Photo by the author. Namanatai, Papua New Guinea
[This article has been published in Spanish in El País-Planeta Futuro]
In this series of articles, Camila describes the daily routine of an ISGlobal team working to eliminate yaws in the island district of Namatanai in Papua New Guinea. The following is the second chapter:
17 January, 2019, Namatanai
To achieve our goal of eliminating yaws from this island, we need to mount a large and complex logistical operation involving over 200 people on the ground. And here in Papua New Guinea every small logistical task has the potential to become a minor Greek drama. We joke that 90% of our work is related to solving the problems that are preventing us from getting our work done. The point is that, at the moment, we are in standby mode until the filariasis team can start.
Delays are nothing new in Papua and usually they would not be a major problem, but we are already two months behind schedule on the project due to an epidemic in this province of polio (yes, that disease which has almost been eradicated). Before we could start our work, we had to wait for the polio vaccination campaign to be completed. Consequently, we spent almost three months in Papua New Guinea working on logistics—time that was certainly needed— while routinely receiving news of delays that would extend the vaccination campaign by “just one more week”.
To achieve our goal of eliminating yaws from this island, we need to mount a large and complex logistical operation involving over 200 people on the ground
We spent last week preparing and training the community health workers—the first phase in the implementation of any public health campaign. They will be in charge of the teams in each ward and responsible for collecting the data and administering the drugs in the villages in the area assigned to them. These health workers have been trained how to detect and treat yaws. They have also received training on how to collect data and to use cell phones to record geographical coordinates and enter data electronically, as well as many other tasks that have to be done in the field.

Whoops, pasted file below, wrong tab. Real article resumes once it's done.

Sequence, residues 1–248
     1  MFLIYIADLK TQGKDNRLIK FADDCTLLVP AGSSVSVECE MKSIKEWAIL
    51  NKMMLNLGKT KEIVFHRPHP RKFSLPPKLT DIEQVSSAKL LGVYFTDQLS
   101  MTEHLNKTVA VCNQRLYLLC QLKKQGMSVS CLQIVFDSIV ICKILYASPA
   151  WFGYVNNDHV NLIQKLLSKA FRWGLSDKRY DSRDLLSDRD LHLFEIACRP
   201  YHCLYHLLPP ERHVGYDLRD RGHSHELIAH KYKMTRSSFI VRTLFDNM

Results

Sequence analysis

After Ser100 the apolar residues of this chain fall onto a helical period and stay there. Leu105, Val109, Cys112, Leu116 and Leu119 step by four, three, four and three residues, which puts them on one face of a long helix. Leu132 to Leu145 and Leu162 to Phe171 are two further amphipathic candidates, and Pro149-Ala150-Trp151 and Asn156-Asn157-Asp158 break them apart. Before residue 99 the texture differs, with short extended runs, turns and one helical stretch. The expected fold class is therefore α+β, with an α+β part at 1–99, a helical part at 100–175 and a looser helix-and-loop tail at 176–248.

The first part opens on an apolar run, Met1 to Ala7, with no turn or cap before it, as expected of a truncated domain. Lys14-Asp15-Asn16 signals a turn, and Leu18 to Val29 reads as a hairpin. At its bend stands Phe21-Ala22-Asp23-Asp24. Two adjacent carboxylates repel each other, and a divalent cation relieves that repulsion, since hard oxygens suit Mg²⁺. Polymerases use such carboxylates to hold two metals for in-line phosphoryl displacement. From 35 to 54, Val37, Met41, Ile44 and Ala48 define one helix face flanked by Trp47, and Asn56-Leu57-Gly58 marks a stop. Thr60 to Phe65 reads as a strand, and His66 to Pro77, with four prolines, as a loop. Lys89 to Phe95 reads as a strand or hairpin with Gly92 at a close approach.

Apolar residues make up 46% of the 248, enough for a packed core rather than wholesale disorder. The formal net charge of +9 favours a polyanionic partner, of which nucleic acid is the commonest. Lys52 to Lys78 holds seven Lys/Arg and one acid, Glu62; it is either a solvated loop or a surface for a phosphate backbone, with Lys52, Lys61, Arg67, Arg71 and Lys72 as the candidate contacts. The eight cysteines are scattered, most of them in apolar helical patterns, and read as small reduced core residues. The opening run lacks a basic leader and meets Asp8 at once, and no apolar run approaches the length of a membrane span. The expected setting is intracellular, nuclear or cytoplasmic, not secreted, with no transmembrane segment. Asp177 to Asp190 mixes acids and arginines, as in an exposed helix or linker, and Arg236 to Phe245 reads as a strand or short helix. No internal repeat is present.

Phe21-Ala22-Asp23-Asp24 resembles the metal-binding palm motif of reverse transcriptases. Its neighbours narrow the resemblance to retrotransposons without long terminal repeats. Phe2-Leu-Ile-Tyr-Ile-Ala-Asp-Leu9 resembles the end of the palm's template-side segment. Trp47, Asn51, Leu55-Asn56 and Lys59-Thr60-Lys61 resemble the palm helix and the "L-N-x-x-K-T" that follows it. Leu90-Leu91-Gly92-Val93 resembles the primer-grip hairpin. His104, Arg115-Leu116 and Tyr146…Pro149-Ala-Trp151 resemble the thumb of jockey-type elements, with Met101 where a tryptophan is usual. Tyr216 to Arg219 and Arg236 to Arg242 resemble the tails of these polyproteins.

There are 38 wards in Namatanai, spread over an area of the island some 200 kilometres long and about 15 kilometres wide. We have trained 38 teams (one per ward), each comprising five to nine members depending on the size of the population in the ward. We have 17 vehicles to transport all the teams and the five supervisors, including the three of us. Our goal is to treat all of the more than 50,000 people who live in Namatanai. We will repeat the treatment every six months for two years to eliminate yaws from the island. The reason why everyone must be treated is that the disease is highly infectious and up to 20% of the population may have a latent infection. Therefore, when we detect a symptomatic case of yaws (a person who has an ulcer produced by the bacteria) the patient has probably already infected family members or schoolmates.
Our goal is to treat all of the more than 50,000 people who live in Namatanai. We will repeat the treatment every six months for two years to eliminate yaws from the island
This is a titanic task, but we’re doing pretty well so far! In the first round of mass administration of the yaws treatment in May 2018, we achieved general coverage (the percentage of the population who received treatment) of 84% (70%-92%). However, we need to reach over 90% of the population to eliminate the disease from this community. However, the challenge of impossible roads and villages buried deep in the jungle makes it hard to reach the desired coverage level. Fortunately, we have marvellous people on our team, who are helping us to reach the most remote areas of the island.
Finally, the call comes with the news that the filariasis team is ready to start. We spend the day on final preparations and advise all the teams and vehicles that we will start visiting the villages in the 38 wards simultaneously on the following day to implement the mass administration of the drugs for both yaws and filariasis. At last!
Fieldwork and implementation is undoubtedly the best part of research and health programmes—all the months (or years) of preparation and scientific, bureaucratic, and logistical work culminate in a few days of implementation. Having all the details under control and everything prepared on time is crucial.
Diary of a Researcher in Papua New Guinea (1). The Island with the Sky of a Thousand Colours
Diary of a Researcher in Papua New Guinea (3). In the Shade of a Tree